To guarantee the reliability and stability of computer elements and subsystems in normal — and especially overclocked — modes, you must cool them properly. This can be achieved with heatsinks and fans.
(Based on materials from and with the permission of http://www.fcenter.ru, a Russian-language Web site.)
Cooling can be achieved in the following ways:
Choosing and using an appropriate case
Acquiring an effective heatsink
Acquiring an effective cooling fan
For the architecture of modern computers, the best case is a standard ATX. Considering the intensive heat flux from elements used in overclocked modes, it makes sense to direct your attention toward mini ATX cases or even the larger midi ATXs, which guarantee better temperature conditions for all components of the system.
It's advisable to add a fan or fans to the case you select. This will lower the air temperature inside the case and improve the efficiency of all local cooling devices.
Beginning with 486DX2/66 processors, heatsinks have become an integral part of all processors. With the growth of CPU processing power, heat flux increases; thus, the heatsink size also has to be increased. Starting with Pentium processors, cooling fans have been mounted onto heatsinks. These devices are known simply as coolers.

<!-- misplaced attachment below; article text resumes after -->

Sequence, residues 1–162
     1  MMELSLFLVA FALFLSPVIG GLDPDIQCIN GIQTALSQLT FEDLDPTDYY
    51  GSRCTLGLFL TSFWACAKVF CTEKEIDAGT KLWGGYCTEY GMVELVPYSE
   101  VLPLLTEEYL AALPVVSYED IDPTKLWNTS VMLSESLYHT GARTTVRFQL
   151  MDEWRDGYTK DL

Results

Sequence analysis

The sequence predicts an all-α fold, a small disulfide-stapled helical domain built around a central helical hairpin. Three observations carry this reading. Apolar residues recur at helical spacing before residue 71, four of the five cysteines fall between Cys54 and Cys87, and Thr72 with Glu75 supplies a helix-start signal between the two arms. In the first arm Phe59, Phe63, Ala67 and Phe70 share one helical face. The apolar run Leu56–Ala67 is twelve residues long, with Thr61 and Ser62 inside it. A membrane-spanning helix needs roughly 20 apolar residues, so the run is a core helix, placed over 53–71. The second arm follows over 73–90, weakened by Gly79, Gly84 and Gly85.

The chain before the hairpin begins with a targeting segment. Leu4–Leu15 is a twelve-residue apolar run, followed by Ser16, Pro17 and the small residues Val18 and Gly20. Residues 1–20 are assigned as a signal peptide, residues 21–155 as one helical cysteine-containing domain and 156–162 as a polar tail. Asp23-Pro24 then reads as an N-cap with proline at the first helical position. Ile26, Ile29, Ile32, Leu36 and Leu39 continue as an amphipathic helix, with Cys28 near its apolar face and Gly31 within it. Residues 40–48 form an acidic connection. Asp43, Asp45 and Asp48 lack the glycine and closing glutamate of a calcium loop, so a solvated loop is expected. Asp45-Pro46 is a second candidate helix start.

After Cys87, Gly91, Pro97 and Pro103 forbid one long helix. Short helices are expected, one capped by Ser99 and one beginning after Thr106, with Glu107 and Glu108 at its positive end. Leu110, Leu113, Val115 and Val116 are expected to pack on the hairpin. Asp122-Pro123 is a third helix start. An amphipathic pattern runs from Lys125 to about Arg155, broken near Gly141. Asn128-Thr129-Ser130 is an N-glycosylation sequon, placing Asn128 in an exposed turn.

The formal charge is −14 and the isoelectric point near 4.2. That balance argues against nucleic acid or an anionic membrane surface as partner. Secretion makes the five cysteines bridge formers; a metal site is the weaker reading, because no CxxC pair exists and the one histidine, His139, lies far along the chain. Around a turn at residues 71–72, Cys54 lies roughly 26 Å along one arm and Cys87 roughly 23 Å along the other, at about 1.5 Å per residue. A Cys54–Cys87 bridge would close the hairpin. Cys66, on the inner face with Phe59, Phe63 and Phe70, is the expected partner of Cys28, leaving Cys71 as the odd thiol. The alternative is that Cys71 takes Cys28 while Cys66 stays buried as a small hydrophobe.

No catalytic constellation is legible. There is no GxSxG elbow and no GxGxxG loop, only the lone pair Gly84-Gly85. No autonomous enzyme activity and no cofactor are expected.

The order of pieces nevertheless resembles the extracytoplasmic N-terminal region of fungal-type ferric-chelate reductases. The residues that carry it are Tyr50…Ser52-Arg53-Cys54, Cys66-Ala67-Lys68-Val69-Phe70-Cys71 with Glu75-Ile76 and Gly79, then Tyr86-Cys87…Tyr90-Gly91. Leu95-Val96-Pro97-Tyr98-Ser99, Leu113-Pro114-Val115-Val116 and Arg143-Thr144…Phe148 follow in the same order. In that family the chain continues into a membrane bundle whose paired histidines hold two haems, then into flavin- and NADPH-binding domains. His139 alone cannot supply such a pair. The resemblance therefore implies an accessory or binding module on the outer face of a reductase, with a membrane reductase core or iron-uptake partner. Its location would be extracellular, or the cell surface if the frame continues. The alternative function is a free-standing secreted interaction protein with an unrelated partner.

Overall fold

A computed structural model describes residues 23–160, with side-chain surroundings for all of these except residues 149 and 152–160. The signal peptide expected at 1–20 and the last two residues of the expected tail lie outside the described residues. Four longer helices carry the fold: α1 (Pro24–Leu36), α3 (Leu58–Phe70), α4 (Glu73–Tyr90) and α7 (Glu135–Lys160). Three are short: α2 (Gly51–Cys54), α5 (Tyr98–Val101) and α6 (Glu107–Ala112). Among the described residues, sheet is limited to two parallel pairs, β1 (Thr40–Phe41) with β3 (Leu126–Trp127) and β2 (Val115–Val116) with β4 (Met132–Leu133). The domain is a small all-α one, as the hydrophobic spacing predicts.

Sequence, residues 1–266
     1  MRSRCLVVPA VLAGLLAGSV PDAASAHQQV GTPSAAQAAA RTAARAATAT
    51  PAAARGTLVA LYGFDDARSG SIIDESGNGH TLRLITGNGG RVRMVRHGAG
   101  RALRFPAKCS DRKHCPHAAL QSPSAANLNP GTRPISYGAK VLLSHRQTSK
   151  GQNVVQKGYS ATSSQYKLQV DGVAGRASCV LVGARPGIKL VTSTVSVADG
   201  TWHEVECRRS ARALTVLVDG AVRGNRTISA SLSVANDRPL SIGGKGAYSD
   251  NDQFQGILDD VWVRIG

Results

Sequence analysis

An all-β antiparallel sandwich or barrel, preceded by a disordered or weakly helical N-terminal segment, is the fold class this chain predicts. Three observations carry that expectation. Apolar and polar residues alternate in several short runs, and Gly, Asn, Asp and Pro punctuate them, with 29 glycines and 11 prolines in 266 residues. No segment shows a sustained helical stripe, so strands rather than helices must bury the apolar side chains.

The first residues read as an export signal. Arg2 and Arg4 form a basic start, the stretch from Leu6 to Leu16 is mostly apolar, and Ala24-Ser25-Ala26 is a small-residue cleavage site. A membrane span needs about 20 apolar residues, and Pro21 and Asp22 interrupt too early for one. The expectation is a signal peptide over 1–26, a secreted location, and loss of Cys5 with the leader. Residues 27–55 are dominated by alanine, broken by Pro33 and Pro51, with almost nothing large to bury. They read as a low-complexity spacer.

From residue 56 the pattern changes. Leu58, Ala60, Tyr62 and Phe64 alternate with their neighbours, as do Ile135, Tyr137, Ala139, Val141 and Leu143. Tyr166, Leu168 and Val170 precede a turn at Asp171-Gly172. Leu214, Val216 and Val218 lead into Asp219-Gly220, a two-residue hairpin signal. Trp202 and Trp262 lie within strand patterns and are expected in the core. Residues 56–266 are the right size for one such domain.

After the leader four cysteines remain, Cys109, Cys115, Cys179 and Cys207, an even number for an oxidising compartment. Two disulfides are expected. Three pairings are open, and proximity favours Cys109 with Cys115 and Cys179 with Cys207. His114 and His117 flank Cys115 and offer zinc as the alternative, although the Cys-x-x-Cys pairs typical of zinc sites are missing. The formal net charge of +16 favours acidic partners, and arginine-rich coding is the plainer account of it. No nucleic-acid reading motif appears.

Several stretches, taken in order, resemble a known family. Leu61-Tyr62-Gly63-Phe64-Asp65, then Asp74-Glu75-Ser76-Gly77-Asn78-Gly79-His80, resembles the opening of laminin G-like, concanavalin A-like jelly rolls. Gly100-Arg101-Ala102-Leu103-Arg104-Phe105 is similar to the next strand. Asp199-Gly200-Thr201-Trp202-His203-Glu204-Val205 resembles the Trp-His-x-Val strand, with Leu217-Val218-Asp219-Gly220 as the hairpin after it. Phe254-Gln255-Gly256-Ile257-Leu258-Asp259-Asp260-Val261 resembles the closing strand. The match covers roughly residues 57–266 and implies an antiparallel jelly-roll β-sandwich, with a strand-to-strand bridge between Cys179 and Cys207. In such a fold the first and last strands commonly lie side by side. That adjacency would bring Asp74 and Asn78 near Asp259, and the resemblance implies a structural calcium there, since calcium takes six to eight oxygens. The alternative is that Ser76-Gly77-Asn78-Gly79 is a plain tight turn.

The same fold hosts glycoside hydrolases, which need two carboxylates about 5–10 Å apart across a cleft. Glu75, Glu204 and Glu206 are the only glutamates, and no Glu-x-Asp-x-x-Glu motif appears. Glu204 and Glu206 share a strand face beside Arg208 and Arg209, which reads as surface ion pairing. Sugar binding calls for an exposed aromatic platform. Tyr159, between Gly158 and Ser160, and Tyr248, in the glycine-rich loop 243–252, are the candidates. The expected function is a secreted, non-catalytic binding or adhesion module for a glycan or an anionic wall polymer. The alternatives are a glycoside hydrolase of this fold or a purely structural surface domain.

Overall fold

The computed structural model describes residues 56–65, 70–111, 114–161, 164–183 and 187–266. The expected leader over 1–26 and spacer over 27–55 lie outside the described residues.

In contemporary computers, most components must be cooled, including processors, video adapters, the chipset, and even the hard disk.
To improve the heat contact between the body of the element being cooled and the attached heatsink, it makes sense to buy and use special thermal grease, or thermal tape. These thermal compounds eliminate tiny air gaps that form between the body of the element and the heatsink attached to it. This improves heat transfer to the heatsink, providing more efficient cooling.